As a consequence, the management of transport infrastructure should include security considerations at all levels ranging from the infrastructures’ strategic importance and criticality, their different uses, and their proximity with and access to other assets and public spaces. The extent of the impact of the loss of, or damage to, a targeted transportation network depends, of course, on the degree of resilience built in the underlying infrastructure.

This leads to question how to mitigate negative impacts and how to adapt and improve the resilience of transport systems

The answer lies in the interconnection between several professional spheres of operation, including planning and design, asset management, materials science, structural engineering, emergency procedures, investment, and others. Resilience management and resilience engineering are suitable ways to tackle the above-mentioned challenges.

Owners and managers of transport infrastructure systems play a major role in fostering resilience. Their investments in mitigation (through risk-based design and construction) and incident planning (through proper operations) are key to minimize risks and improve infrastructure resilience. Given the growing number of man-made extreme events, transportation infrastructure owners and operators need to include security issues among their top priorities. Embedding and managing security as part of business-as-usual becomes mandatory. This requires dedicated budgets and new collaborative processes between government, infrastructure owners, managers and operators.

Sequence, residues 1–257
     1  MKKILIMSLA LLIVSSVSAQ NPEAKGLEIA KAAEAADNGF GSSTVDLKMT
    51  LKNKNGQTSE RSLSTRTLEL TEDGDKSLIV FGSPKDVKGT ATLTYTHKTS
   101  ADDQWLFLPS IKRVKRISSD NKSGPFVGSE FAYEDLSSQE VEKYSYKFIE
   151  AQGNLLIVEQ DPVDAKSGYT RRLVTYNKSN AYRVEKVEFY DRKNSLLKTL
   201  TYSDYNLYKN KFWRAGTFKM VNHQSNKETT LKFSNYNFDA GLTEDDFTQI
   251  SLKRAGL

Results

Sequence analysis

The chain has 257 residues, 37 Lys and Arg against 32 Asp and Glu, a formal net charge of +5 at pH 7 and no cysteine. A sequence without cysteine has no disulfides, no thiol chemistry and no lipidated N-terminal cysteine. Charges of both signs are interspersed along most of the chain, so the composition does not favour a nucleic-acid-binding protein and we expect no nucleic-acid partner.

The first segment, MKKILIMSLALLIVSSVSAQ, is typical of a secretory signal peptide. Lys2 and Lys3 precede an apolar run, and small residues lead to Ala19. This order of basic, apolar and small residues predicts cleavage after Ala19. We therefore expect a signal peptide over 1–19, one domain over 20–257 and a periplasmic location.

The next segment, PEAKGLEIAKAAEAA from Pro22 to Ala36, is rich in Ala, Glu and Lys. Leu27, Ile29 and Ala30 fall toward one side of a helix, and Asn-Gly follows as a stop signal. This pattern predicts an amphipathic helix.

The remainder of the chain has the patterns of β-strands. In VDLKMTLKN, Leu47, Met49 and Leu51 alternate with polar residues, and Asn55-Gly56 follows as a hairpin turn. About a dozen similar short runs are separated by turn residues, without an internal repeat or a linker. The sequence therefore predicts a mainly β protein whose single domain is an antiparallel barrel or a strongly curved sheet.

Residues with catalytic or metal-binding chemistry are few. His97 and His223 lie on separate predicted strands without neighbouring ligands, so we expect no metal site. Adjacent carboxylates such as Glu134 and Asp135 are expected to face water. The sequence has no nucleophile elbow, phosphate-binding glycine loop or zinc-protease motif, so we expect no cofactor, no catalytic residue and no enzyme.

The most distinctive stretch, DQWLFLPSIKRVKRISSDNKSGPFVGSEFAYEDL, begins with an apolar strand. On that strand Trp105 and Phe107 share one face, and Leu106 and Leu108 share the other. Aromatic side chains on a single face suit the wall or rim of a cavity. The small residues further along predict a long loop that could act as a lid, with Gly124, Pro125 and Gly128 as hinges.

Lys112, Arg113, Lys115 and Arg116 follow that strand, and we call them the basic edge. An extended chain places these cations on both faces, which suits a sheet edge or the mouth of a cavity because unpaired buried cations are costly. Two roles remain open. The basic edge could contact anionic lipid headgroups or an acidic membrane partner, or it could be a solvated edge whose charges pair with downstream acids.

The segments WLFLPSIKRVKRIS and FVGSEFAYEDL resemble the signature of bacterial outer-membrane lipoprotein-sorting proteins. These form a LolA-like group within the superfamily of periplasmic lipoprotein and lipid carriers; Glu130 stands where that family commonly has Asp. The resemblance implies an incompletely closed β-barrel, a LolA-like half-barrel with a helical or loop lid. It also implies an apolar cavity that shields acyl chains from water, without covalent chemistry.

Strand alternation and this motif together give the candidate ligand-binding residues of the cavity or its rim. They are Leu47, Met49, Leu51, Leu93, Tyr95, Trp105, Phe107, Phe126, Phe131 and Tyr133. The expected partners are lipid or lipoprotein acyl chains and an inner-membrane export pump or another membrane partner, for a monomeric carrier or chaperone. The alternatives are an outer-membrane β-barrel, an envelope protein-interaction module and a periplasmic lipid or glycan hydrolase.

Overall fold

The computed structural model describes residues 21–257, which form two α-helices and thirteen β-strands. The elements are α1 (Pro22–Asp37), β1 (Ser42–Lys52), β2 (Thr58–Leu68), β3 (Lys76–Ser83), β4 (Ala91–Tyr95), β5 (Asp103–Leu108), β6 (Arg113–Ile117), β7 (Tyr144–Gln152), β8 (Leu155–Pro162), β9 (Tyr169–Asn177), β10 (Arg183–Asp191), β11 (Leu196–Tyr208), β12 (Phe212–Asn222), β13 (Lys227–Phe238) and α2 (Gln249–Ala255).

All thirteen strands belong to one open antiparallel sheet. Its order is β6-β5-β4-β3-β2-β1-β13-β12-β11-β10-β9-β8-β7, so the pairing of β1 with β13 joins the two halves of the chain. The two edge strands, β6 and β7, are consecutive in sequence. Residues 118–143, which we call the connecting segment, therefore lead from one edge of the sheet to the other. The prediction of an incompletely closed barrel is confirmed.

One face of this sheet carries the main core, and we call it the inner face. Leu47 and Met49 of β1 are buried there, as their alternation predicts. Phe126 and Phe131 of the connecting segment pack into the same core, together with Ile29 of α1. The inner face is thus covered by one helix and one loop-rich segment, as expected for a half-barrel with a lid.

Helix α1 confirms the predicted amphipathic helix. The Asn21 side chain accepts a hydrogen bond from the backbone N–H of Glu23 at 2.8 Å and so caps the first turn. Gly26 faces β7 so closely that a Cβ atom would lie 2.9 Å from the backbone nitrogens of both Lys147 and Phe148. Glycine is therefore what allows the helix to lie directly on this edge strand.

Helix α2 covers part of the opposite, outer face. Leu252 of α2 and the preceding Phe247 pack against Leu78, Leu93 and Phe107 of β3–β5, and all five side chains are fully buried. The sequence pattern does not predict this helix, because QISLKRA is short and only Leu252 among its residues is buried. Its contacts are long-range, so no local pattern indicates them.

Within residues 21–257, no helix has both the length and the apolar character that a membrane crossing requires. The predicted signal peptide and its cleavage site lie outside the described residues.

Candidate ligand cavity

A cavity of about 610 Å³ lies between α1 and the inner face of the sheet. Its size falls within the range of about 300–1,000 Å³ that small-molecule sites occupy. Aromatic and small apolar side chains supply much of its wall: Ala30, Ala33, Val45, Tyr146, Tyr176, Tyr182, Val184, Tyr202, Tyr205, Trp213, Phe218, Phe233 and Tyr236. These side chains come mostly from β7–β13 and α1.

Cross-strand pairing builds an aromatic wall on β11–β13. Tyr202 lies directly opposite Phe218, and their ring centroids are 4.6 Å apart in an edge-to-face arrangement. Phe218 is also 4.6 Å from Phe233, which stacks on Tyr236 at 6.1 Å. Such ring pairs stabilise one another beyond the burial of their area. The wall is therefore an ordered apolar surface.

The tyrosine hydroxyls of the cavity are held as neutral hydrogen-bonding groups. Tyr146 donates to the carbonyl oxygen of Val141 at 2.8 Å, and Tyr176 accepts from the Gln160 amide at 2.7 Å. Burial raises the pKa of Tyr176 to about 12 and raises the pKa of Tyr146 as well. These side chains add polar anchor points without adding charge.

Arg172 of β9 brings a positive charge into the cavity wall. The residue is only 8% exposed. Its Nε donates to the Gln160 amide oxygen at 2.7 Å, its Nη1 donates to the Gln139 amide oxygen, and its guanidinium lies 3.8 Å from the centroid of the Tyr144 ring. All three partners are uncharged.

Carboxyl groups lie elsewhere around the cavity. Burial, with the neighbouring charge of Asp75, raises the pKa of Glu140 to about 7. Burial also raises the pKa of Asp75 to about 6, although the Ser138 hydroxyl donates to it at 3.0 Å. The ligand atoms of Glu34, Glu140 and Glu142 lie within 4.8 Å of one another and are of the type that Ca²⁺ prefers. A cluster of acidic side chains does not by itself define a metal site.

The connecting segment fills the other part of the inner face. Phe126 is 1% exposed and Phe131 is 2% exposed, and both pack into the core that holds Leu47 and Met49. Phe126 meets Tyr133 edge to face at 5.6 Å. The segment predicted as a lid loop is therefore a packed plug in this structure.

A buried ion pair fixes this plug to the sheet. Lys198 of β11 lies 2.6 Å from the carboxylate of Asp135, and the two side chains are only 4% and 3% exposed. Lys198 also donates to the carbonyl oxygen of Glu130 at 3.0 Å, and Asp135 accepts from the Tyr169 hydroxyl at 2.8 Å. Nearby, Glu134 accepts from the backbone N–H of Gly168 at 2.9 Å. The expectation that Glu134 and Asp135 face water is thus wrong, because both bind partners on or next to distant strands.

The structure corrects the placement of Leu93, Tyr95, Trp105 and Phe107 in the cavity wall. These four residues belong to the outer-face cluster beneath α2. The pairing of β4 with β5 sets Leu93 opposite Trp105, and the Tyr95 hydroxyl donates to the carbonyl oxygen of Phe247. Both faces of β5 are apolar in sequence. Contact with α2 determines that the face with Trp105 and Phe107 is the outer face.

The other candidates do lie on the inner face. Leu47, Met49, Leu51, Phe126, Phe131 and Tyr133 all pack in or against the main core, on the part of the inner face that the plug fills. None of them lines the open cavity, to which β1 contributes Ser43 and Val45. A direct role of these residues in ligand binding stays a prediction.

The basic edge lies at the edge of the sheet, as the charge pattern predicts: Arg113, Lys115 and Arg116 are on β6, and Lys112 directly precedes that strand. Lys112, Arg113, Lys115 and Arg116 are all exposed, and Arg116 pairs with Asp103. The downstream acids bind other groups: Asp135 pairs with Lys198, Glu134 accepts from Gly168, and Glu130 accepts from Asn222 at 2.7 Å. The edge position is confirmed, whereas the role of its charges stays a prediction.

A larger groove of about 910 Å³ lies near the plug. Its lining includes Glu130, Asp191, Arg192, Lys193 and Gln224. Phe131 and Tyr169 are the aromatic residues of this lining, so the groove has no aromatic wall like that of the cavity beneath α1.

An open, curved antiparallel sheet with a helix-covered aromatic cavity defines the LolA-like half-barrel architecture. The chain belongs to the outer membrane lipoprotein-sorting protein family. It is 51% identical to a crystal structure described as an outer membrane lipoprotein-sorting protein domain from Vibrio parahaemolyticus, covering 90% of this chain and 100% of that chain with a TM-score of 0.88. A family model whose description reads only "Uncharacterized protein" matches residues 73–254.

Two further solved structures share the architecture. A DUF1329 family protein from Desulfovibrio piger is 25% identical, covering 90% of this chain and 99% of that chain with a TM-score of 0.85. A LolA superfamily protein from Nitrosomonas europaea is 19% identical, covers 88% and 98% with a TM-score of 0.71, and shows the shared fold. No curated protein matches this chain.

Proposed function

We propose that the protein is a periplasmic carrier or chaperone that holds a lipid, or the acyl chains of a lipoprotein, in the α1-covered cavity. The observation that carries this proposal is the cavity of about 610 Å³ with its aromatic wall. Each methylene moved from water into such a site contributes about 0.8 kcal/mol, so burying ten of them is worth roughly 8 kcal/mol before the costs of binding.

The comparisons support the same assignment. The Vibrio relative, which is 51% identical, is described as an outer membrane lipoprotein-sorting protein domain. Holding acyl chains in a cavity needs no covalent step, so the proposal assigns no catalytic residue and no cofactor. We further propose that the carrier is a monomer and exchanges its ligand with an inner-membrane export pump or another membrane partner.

The affordability of resilience for infrastructure systems is set to become an increasingly important issue. Robust risk financing strategies will be required, both to fund investments in adaptation and to pay for recovery when failures occur. At present, the total fundings of post-hazard recovery is globally almost nine times higher than prevention. Reaching a proper balance will require dialogue and planning between all the stakeholders.



“Infrastructure planning must be improved at all levels of government to create pipelines of sustainable infrastructure projects aligned with long-term climate and development objectives. Priority actions include: … Make resilience the norm to limit vulnerability to climate damages.” (OECD/TheWorldBank/UN environment, 2018).